Fair Housing vs. Unfair Housing

Do you know the difference?

Knowing the difference between fair housing and unfair housing isn't as obvious as you might think. This blog aims to present a variety of important and interesting fair housing issues.

If you're an apartment professional, avoid costly mistakes by reading the stories of others who — even with good intentions — learned compliance lessons the hard way. (For the easy way, click here.)

If you live in an apartment, get familiar with your rights when it comes to housing discrimination, as well as your options for seeking justice.

Sunday, October 31, 2010

Artifice Forces Landlord's Hand on Renting to Families With Children

A man called the managers of an Outagamie County, Wisconsin apartment he saw advertised to inquire about its availability. Apparently, after the man told one of the managers that he and his wife had children, she allegedly refused to show him the apartment.

Acting on suspicion, the man's wife decided also to call the manager about seeing the apartment, but making a point to say (inaccurately) that she and her husband had no children. Not only did the manager immediately schedule a showing, but she pressured her to see the available apartment right away, according to the U.S. Department of Housing and Urban Development (HUD).

Further testing by the Metropolitan Milwaukee Fair Housing Council uncovered more evidence of discrimination based on familial status, which is illegal under the Fair Housing Act (FHA). For example, the manager reportedly told one tester that she's "looking for the perfect renter, meaning I don't want a lot of kids" and that she charges families with children a higher security deposit.

All this led HUD to issue a Charge of Discrimination, announced October 21, against the managers and the owner, meaning they'll need to defend themselves against alleged Fair Housing Act violations before an administrative law judge.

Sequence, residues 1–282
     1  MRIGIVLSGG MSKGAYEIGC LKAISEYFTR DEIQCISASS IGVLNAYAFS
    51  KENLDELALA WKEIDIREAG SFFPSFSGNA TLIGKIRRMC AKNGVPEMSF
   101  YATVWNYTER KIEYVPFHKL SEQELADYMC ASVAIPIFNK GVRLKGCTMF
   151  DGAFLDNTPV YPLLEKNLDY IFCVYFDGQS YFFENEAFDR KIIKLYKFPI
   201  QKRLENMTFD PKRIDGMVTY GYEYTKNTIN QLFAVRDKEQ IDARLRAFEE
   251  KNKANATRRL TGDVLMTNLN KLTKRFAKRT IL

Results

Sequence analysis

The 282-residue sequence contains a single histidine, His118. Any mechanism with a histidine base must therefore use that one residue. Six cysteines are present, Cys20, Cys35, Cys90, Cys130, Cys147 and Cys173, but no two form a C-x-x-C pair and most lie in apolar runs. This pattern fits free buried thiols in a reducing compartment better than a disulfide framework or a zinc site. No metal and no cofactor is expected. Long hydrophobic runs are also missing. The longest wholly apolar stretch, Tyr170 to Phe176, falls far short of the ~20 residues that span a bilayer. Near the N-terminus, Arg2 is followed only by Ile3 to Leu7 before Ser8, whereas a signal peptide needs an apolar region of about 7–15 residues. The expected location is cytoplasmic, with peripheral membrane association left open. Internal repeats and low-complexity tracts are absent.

Rental Reneging Reveals Racial Rancor

Landlords who don't want to rent to people of a particular race normally turn away the prospects early on. But owners of a single-family three-bedroom house in Gibsonton, Florida agreed to rent their house to a black mother and her three children and let them move in without incident. Two days after the move, however, the landlords apparently had a change of heart and reacted in a way that, the tenants claim, violated the Fair Housing Act's (FHA) ban on race-based discrimination.

According to the Charge of Discrimination issued by the U.S. Department of Housing and Urban Development (HUD) and announced this month, the landlords refused to accept the family's rent payment, awoke the children and ordered them out of the house in their night clothes while their mother was at work, and changed the locks. Fortunately, a relative later found the children under a highway underpass, in shock, exhausted, and visibly upset, according to the HUD Charge.

When the mother learned about what happened, she contacted the police to report it and regain access to the house. The landlords allegedly hurled racial epithets at the mother, expressing their disbelief that she called the police.

Following the HUD Charge, an administrative law judge will hear the case to determine whether the family should be compensated for claimed damages, including economic losses, out-of-pocket expenses, emotional and physical distress, loss of a housing opportunity, embarassment, humiliation, substantial inconvenience, and more.

Friday, October 29, 2010

Survey Indicates More Hispanics Fear Unfair Discrimination

A new national survey of 1,375 Hispanic adults shows that 61% of respondents say that discrimination against Hispanics in housing and other areas is a "major problem," up from 54% from a similar survey in 2007.

The survey, published Thursday by the Pew Hispanic Center, a product of the Pew Research Center, also indicates what may be behind this increased concern. When asked about the most important factor leading to discrimination, a plurality of 36% of respondents cited immigration status, up from a minority of 23% who responded that way in 2007. (In the earlier survey, a plurality of 46% respondents identified language skills as the biggest cause of discrimination against Hispanics.)

Despite the increase in concern about discrimination, the survey notes that there has been no increase in recent years in the share of Hispanics who report that they or someone they know have been targets of discrimination or have been stopped by authorities and questions about their immigration status.

Do you think there's a political backlash against illegal immigration that's hurting Hispanics across the United States, regardless of their immigration status? What other groups of people, if any, do you believe may be experiencing greater discrimination (or, at least, increased concern over discrimination) now, and why?

What do you think?